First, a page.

I drive a 1.3 liter 2009 Toyota Corolla. I'm the first owner of my car. I've never ever touched the AC/compressor/gas. Everything is genuine. But I have this weird problem with the a/c where it stops cooling when I try going above 80kmph. The a/c cools just fine under 80kmph. But when I go over 80kmph, or accelerate above 2800rpm, it stops cooling. And once I go under 80kmph, it starts cooling again.

Would appreciate if anyone could come up with a solution. Thanks!

  • 3
    A number of vehicles override the A/C compressor under a certain % of throttle. Is this a new problem or has it always done this?
    – Zshoulders
    Mar 30, 2017 at 15:49
  • 1
    @Zshoulders Interesting, I've never heard of that before (because what happens at idle?) I was wondering if perhaps the higher RPMs were causing an overpressure situation in the compressor, causing it to open a bypass which would inherently prevent any cooling action in the cabin.
    – Hari
    Mar 31, 2017 at 20:40
  • @HariGanti Sorry, the language in that might be confusing. I meant 'under' as in "under a certain condition," not "less than." Wide open throttle will disconnect the A/C on some cars. The idea being that you need all the power you can get at WOT. There is usualy some throttle percentage that will cause the A/C clutch to disengage, depends on the car. OP's situation seems low for a cutoff, but 1.3 is a small engine. His car might be above the throttle % needed to cut the A/C at 80km/h. I don't know much about internal compressor workings but what you say makes a good deal of sense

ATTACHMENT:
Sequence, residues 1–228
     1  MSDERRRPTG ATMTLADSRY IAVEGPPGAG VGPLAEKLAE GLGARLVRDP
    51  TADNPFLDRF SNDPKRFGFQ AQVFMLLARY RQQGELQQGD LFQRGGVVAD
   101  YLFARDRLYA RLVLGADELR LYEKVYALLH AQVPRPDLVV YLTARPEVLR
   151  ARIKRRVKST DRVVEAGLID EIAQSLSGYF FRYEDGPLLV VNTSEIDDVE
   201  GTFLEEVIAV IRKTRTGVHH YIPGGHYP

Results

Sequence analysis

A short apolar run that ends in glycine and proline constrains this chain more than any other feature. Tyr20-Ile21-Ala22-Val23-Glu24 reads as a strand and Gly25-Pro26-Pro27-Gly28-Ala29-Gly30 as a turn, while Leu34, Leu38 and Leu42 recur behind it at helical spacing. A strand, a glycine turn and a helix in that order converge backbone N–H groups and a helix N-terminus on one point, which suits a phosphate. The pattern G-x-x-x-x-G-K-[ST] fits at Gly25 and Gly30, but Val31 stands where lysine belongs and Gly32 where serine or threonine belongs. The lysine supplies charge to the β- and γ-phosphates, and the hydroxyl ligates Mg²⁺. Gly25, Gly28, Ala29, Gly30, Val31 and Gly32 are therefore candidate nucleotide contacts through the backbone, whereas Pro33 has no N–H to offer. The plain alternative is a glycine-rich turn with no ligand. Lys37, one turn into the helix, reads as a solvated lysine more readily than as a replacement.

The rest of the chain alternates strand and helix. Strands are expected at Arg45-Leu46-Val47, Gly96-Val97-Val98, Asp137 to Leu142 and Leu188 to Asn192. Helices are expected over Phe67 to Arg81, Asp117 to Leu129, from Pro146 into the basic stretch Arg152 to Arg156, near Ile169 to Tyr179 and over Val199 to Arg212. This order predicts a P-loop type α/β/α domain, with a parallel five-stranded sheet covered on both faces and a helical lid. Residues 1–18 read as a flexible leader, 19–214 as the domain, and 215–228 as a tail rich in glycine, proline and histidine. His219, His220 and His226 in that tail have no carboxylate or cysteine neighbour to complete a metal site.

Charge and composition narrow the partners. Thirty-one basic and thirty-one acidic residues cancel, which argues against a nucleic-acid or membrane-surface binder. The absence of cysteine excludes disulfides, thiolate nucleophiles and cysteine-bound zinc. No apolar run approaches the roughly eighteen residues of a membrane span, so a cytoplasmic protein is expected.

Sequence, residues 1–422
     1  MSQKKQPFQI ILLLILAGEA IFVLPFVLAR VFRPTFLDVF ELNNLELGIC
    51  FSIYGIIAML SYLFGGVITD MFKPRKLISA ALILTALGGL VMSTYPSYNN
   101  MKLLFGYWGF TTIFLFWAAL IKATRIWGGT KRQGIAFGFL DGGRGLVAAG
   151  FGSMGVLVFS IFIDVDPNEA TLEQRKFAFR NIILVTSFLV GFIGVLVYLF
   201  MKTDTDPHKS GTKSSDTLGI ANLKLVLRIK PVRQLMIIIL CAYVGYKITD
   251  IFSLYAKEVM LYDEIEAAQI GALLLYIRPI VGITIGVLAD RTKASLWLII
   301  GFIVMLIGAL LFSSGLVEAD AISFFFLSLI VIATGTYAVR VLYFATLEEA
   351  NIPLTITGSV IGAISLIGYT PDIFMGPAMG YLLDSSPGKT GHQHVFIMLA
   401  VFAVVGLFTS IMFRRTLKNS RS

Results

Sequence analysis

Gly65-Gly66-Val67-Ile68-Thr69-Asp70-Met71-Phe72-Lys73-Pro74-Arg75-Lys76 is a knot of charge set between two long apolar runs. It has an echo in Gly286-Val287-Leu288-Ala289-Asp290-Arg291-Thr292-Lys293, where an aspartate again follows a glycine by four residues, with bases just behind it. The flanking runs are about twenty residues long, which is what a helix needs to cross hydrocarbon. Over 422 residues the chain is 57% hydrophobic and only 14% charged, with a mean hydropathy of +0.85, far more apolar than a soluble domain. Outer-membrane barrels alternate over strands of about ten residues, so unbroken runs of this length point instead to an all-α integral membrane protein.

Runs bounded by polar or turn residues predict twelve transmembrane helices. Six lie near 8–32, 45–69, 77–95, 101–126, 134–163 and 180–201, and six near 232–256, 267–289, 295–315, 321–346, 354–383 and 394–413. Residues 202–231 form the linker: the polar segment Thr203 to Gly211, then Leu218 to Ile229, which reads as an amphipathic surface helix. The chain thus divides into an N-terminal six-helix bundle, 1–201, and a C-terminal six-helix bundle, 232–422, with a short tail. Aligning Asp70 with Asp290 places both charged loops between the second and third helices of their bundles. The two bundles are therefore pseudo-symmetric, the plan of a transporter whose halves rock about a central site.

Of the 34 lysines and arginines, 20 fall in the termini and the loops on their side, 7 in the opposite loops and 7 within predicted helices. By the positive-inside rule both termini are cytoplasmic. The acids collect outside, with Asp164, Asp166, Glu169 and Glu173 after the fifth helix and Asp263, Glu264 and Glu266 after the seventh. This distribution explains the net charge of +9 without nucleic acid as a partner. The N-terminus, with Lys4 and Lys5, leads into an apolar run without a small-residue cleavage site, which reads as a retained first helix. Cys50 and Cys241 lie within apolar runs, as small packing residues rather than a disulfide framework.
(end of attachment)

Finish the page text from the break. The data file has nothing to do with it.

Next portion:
– Zshoulders
    Mar 31, 2017 at 20:56
  • @Zshoulders My apologies! Glad we do agree, however, and that it was just a simple case of poor interpretation. Because most AC compressors are belt driven, their power input varies wildly with engine conditions. My guess is that they're "tuned" for cruising RPMs, but capable of generating enough pressure at idle as well. This, however, means that at higher RPMs, they are overdriven, which can lead to an overpressure failure, thus a bypass valve would be needed to compensate (like a wastegate, in a way).
    – Hari
    Mar 31, 2017 at 21:01
  • @Zshoulders I have been facing this problem from last year. Last month my car mechanic recommended me to change the clutch plate. Is there any connection between clutch and that weird a/c problem?
    – Huzayl WS
    Apr 1, 2017 at 15:06

1 Answer 1


You likely need to charge the AC in this vehicle. Over time the refrigerant can leak out of the AC circuit. That is the leading cause of a reduction in cooling capability. The system can get a pressure test to confirm that condition.

AC compressor disengage is a computer driven event. The AC pulley pulls horsepower off of the engine from the serpintine belt and it is assumed that you were doing wide open throttle for an emergency acceleration at which point you do not want any additional loads on the engine in that situation.

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